Based on the tests described above, a brass faucet product immersed in an aqueous solution of from 10 g/L to 120 g/L of sodium chloride (a concentration of 0.17 molar chloride to 2.1 molar chloride); sodium pyrophosphate in an amount ranging from approximately 25 g/L to approximately 120 g/L (a concentration of 0.06 molar pyrophosphate to 0.27 molar pyrophosphate); an immersion time of from approximately 3.5 min. to approximately 30 min.; with the solution maintained at a temperature of from approximately 35 C. to approximately 70 C., will result in a brass product which will pass the NSF-61 leachable lead protocol. The preferred embodiment of the invention is to utilize a time period of 3.5 min., although it is anticipated that initial use of the invention may have an immersion time of 5 min. The preferred concentration is 15 g/L of sodium chloride (0.26 molar chloride) and 90 g/L of sodium pyrophosphate (0.20 molar pyrophosphate). It is preferred to maintain the aqueous solution at a temperature of approximately 60 C. In addition to the above-described parameters, it is preferred that the aqueous solution be continuously circulated and be air agitated for a constant infusion of oxygen. The solution pH should be maintained in a range of 9.5 to 10.5, with a pH of 10 being preferred.

When the brass component is immersed in the described aqueous solution, dissolved oxygen is converted to hydroxyl ions by an electron accepting reduction reaction with water, the electrons being provided by conversion of metallic lead at the brass surface to lead ions in aqueous solution.

2Pb.sub.(s) +02(aq) +2H2 0.sub.(1) =2Pb2+.sub.(aq) +40H-.sub.(aq)

The chloride ions in solution accelerate the dissolution of metallic lead. The pyrophosphate ions in solution chelate the lead ions in a complex such as PbP2)7 2-, thus reducing the chemical activity of the Pb2+ species and preventing the above-described conversion of metallic lead from terminating.

In summary, five factors in the invention ensure that lead is removed expeditiously:

1. Aeration of the solution is required to ensure an adequate supply of dissolved oxygen, without which the lead solution reaction set forth above would not occur.

2. Chloride ions are required to accelerate the rate of lead dissolution.

3. Pyrophosphate ions are required to sequester the dissolved lead in solution, thus preventing the above lead solution reaction from reaching equilibrium.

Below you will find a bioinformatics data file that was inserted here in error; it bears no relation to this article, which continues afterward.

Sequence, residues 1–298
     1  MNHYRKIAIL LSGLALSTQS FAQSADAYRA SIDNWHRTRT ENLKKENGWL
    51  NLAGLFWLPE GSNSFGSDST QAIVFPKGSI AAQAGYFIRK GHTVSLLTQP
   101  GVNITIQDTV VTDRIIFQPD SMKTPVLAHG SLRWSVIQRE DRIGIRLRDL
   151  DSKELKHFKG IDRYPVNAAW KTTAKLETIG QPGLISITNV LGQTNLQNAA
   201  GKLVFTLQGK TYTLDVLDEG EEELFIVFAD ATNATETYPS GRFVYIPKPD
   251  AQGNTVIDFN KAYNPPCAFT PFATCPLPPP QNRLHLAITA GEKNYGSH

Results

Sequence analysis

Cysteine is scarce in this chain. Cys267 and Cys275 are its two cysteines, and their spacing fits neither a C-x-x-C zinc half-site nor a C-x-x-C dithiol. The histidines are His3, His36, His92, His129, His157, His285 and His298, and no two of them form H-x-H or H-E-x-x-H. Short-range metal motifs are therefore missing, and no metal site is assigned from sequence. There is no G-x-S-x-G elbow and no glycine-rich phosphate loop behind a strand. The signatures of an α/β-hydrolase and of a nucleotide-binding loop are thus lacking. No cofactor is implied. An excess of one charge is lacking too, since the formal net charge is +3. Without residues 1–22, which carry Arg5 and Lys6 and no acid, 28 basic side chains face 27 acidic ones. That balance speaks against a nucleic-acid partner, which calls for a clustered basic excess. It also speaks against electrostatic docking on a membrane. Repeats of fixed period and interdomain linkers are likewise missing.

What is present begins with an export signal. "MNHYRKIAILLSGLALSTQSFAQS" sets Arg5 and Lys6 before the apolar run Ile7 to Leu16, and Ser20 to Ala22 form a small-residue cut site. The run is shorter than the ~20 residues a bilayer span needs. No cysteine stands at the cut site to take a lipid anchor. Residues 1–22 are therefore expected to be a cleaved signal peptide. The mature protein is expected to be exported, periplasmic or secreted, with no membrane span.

4. Agitation of the solution is required to ensure that fresh supplies of the reagents participating in the reaction rapidly are brought to the reaction site at the faucet surface, and that the products of reaction are rapidly removed.

5. A moderately elevated temperature is required to accelerate the rate of reaction. However, too high a temperature would reduce the availability of the required dissolved oxygen.

It is believed that with the pH in the described range of 9.5 to 10.5 the surface lead will be dissolved as described. If the pH is acidic it is anticipated that a barrier of chloropyromorphite or other lead phosphate compounds may form about lead particles remaining on the brass.

Whereas the preferred form of the invention has been shown and described herein, it should be realized that there may be many modifications, substitutions and alterations within the scope of the following claims.

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Referenced by
Citing PatentFiling datePublication dateApplicantTitle
US5601658 *Jun 30, 1995Feb 11, 1997Purdue Research FoundationUsing cupric acetate solution
US5707421 *Feb 18, 1997Jan 13, 1998Joe; Shelley L.Process for the inhibition of leaching of lead from brass alloy plumbing fixtures
US5904783 *Sep 24, 1997May 18, 1999Hazen Research, Inc.Method for reducing lead leaching in fixtures
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US6432210Feb 28, 2001Aug 13, 2002The Ford Meter Box Company, Inc.Method for treating brass
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Classifications
U.S. Classification134/3, 134/22.1
International ClassificationB09B3/00, C23F1/00, F16L58/04, E03B7/09
Cooperative ClassificationC23F1/00, F16L58/04, E03B7/006
European ClassificationE03B7/00C, C23F1/00, F16L58/04
Legal Events
DateCodeEventDescription
Apr 3, 2007FPAYFee payment
Year of fee payment: 12
Feb 25, 2003FPAYFee payment
Year of fee payment: 8
Mar 29, 1999FPAYFee payment
Year of fee payment: 4
Aug 2, 1994ASAssignment
Owner name: 21ST CENTURY COMPANIES, INC., TEXAS
Free format text: ASSIGNMENT OF ASSIGNORS INTEREST;ASSIGNOR:DOWNEY, JEROME P.;REEL/FRAME:007092/0662
Effective date: 19940721